A police officer based in Narok County is helping change the narrative that those of her kind are cold-hearted and out to punish those deemed to have contravened the law.
Guns and bullets aside, Police constable Faith Harriet has proved that police officers have a loving humane side through her acts of charity.
On Mashujaa day, Harriet was spotted at Tower Sacco building within Narok town feeding street children who appeared at ease during their interaction.
Harriet says, that though she is not endowed with resources, she always sets aside some funds to cater for the group. According to her, Kenyans need to be compassionate to the less-endowed in society. “We too have families. When I saw these children, I saw my family in them. That’s why I had the responsibility to assist them; we should all be humans first before anything else.” She observes.
A mother of two boys, who reside in Samburu County with their father, Harriet says the society should not view street children as criminals but a vulnerable group in need of support.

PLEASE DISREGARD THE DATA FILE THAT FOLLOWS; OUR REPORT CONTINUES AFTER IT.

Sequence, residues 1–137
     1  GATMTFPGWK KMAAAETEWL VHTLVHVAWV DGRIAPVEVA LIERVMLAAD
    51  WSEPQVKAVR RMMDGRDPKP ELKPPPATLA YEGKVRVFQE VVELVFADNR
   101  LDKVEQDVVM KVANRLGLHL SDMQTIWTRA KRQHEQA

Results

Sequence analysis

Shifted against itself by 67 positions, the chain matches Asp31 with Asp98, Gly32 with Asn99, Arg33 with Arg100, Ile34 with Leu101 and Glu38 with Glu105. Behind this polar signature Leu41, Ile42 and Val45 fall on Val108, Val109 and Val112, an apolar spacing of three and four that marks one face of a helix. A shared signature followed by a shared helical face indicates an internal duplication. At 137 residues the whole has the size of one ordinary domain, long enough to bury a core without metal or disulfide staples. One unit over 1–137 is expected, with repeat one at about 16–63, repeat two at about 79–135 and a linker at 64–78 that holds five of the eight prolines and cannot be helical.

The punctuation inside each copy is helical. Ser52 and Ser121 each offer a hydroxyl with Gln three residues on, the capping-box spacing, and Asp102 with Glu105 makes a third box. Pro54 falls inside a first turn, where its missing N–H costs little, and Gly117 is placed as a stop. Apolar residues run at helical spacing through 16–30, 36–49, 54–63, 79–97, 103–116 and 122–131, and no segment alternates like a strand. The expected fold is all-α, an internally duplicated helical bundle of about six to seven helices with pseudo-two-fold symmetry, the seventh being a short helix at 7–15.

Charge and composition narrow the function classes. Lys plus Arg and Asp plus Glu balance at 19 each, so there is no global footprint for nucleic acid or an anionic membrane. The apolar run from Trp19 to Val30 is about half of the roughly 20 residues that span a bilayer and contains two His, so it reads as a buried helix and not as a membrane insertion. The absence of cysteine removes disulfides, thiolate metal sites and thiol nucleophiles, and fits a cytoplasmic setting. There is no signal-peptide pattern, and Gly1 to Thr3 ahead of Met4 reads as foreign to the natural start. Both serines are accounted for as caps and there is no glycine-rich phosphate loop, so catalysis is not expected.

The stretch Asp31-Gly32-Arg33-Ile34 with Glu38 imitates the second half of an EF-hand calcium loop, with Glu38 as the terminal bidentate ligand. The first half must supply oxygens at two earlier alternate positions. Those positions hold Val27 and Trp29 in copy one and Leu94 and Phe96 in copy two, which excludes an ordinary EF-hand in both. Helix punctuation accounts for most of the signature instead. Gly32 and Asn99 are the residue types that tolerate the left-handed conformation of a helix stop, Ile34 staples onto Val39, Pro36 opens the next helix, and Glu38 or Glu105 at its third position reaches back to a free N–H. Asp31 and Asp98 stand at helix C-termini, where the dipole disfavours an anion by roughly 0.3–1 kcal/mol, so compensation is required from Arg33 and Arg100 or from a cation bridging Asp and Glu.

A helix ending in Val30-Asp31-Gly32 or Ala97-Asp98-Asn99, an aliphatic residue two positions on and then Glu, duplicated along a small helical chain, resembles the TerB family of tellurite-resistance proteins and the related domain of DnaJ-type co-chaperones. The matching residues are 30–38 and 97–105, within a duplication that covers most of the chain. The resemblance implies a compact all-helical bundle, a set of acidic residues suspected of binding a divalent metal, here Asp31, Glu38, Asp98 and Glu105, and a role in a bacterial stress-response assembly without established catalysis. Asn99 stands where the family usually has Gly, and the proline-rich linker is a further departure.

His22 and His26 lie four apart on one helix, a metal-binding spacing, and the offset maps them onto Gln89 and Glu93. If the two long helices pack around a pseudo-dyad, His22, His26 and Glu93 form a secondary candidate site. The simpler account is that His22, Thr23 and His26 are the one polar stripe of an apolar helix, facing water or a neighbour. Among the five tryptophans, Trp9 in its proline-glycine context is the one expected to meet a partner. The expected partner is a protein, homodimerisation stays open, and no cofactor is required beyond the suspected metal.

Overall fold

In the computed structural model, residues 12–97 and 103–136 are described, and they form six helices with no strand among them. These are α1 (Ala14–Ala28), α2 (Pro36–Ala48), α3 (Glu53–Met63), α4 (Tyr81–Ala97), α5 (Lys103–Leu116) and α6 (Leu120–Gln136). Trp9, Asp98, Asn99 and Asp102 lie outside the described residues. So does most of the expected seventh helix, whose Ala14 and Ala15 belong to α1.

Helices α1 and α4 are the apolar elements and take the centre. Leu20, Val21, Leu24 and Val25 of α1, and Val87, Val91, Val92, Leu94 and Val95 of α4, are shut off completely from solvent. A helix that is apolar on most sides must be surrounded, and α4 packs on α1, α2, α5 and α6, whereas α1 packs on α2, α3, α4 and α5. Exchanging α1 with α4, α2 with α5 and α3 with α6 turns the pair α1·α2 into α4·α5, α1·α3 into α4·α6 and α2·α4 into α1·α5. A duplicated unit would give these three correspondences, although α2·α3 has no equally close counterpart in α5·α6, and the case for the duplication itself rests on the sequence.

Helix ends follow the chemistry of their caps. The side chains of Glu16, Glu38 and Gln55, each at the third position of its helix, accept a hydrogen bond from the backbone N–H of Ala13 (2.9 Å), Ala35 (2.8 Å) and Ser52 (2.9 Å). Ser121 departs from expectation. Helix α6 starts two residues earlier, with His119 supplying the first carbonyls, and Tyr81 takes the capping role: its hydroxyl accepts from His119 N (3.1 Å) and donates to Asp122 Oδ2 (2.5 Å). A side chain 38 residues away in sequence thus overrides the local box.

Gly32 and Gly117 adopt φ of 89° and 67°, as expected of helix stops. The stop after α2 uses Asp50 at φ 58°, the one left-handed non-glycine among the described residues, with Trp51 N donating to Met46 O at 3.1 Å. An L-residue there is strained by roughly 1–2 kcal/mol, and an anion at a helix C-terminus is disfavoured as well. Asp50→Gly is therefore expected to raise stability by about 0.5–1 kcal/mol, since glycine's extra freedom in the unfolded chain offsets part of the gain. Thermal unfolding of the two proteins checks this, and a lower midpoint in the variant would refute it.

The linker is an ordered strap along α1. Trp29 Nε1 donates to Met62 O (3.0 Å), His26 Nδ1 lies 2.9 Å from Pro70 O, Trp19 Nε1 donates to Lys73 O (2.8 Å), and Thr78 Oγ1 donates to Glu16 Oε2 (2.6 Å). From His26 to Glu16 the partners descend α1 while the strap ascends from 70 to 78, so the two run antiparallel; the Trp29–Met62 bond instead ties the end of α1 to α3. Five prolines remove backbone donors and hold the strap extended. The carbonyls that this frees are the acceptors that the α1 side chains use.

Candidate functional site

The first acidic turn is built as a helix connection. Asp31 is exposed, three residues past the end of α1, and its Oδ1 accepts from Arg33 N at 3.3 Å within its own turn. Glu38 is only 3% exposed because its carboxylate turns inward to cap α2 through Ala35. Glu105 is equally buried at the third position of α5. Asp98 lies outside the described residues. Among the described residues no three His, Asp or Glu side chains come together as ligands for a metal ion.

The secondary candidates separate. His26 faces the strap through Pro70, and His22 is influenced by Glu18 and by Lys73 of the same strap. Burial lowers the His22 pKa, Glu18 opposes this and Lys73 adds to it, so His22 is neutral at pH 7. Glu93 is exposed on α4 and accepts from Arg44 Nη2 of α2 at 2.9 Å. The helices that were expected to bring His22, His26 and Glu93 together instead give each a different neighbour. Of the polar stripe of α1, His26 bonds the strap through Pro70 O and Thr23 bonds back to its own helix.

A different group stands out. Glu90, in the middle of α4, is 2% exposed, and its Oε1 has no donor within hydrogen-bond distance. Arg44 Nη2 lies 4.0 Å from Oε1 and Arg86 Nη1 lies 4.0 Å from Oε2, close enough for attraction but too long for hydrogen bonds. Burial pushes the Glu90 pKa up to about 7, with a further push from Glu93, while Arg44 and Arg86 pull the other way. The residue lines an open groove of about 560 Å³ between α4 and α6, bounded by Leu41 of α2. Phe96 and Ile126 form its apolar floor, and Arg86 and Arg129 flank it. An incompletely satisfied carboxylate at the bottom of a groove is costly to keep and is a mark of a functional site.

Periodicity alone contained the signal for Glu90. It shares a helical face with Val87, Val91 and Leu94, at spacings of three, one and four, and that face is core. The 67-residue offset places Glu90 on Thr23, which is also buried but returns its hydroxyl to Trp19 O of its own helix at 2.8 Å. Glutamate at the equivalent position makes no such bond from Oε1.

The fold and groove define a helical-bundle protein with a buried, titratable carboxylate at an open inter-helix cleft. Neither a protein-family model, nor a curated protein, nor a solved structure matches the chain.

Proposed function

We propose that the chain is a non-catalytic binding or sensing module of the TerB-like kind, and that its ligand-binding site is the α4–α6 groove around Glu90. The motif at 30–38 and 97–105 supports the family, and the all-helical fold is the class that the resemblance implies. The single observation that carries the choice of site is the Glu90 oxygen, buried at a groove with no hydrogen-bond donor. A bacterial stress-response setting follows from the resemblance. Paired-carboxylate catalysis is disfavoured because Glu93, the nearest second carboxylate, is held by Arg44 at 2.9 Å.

This even as she called on Kenyans to support the police service in its quest to deliver on its mandate. “We are not pastors, we do not preach. A criminal won’t like us but a law-abiding person will. Follow the law and the police won’t follow you around” she opines.
The acts of Harriet reflected across dozens of other police officers whose exploits are positively impacting on the society and slowly changing the face of the police service that has suffered bad publicity for years.